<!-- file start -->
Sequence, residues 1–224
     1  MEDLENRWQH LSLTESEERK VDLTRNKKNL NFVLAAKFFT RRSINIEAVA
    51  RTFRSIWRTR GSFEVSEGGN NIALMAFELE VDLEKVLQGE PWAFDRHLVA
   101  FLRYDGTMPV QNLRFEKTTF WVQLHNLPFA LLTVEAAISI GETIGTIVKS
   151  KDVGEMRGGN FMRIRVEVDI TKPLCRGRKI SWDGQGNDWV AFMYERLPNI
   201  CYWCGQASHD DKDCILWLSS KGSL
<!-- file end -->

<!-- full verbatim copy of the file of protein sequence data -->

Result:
Sequence, residues 1–224
     1  MEDLENRWQH LSLTESEERK VDLTRNKKNL NFVLAAKFFT RRSINIEAVA
    51  RTFRSIWRTR GSFEVSEGGN NIALMAFELE VDLEKVLQGE PWAFDRHLVA
   101  FLRYDGTMPV QNLRFEKTTF WVQLHNLPFA LLTVEAAISI GETIGTIVKS
   151  KDVGEMRGGN FMRIRVEVDI TKPLCRGRKI SWDGQGNDWV AFMYERLPNI
   201  CYWCGQASHD DKDCILWLSS KGSL